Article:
Here at Plum Voice we use Twitter to get and stay in touch with parties interested in interactive voice response (IVR), developments within the IVR industry and developments in the tech world in general. We maintain Twitter feeds for our three brands: Plum Voice (@PlumVoice), QuickFuse (@QuickFuseApps), and Floodlight (@floodlighttech) and followers have access to an array of industry-related tweets and tidbits.
Many businesses utilize Twitter in the same manner, sharing industry-related news and connecting with followers and potential customers. But how about all the other people out there? According to recently released statistics, Twitter has around 300 million users who generate over 300 million tweets per day.
This is a pretty impressive figure, considering that the website only became operational in March of 2006. The social network has rapidly expanded its user base and has experienced exponential growth in the years since its initial introduction.
Twitter continues to follow the same model, with users having the ability to send their messages in 140-character or less increments. According to Wikipedia, the initial 140 character limit was established in an attempt to insure compatibility with SMS messaging. For users looking to post links to external websites that have text over 140 characters, there are URL-shortening sites available that allow them to do this without exceeding character limits.
An analytics firm conducted a study in which they analyzed over 2,000 tweets and separated them into six distinct categories: pointless babble (40%), conversational (38%), pass-along value (9%), self-promotion (6%), spam (4%), news (4%). Most tweets fall along these lines, with subtle percentage variations.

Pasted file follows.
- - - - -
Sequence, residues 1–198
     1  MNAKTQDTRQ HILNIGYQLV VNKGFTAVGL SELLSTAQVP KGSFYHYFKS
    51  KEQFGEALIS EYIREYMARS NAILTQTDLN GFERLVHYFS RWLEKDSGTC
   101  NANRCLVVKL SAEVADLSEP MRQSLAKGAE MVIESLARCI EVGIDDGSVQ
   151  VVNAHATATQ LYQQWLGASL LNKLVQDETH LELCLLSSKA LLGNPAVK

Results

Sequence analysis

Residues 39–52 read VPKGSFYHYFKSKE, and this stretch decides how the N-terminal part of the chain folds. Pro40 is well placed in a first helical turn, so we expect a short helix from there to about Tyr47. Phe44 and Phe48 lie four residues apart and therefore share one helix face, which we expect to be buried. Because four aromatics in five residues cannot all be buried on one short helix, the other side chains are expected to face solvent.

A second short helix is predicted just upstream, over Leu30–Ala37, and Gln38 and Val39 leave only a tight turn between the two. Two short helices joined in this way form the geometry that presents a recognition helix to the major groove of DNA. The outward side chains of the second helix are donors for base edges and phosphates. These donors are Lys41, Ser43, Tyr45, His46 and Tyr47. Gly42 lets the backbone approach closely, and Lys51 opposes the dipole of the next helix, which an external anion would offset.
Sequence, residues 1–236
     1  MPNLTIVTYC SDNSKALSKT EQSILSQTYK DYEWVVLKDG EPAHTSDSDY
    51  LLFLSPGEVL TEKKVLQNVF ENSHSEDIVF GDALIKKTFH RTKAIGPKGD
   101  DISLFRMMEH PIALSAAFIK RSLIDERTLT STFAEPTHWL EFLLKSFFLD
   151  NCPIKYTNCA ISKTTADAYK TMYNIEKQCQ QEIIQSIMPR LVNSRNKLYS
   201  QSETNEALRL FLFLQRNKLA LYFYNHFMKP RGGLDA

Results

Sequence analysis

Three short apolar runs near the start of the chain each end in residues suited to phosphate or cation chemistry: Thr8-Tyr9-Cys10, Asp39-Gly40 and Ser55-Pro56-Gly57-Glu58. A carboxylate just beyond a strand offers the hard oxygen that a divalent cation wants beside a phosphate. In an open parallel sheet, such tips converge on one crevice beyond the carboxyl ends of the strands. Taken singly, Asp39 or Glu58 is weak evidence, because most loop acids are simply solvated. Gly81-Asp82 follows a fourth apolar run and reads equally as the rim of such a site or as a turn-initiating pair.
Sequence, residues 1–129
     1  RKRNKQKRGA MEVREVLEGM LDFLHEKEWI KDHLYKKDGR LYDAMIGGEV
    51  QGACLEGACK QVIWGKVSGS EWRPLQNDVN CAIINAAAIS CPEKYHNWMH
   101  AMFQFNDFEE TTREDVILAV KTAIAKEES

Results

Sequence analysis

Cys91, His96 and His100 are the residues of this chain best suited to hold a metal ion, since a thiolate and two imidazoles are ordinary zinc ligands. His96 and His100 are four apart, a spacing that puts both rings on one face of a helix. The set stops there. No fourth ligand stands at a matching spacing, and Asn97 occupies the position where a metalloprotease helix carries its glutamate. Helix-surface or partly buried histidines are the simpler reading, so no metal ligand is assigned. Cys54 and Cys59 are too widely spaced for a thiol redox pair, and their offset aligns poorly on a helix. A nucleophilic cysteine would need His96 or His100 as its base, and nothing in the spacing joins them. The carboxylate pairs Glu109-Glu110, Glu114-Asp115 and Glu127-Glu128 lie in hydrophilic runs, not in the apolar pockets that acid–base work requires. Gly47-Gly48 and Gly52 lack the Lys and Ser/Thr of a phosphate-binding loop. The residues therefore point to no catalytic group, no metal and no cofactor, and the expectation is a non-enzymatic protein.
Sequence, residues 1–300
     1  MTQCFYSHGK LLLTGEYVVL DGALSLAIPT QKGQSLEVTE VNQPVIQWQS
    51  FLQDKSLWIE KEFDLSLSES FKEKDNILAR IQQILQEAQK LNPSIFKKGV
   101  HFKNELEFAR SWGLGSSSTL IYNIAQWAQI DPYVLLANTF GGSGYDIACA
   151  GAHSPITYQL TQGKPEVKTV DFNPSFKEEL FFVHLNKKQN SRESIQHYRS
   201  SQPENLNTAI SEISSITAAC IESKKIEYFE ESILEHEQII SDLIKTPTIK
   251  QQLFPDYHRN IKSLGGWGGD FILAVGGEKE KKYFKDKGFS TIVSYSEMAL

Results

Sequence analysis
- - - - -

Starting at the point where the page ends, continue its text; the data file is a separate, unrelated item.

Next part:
By utilizing hashtags on Twitter, users can group together tweets that all refer to the same subject (ex. #coffee, #Christmas, #yellowducks).
Just today, Twitter released a report detailing the most popular hashtags of 2011, and they offer interesting insight in to the year that was. So what were the top hashtags? Among them #egypt, #japan, and #superbowl.
In terms of world news, the hot Twitter topics included Mubarak’s resignation, the raid on Osama bin Laden, the Japanese earthquake and Fukushima, Gabrielle Giffords, Gaddafi’s death and swine flue outbreak.
As for the tech topics, popular terms included Mac App Store, Mozilla Firefox, iPad, iPhone, iPod, Nintendo 3DS and Guitar Hero.
A quick scan of these topics offers researchers interesting incite into the popular products, places and people for 2011, and can potentially offer accurate predictions for the upcoming year as well.
Will everyone be as interested In the McLobster, Wayne Rooney or Jim Harbaugh? Probably not, but the year ahead promises to produce new topics that users can analyze and discuss on their Twitter feeds to their heart’s content.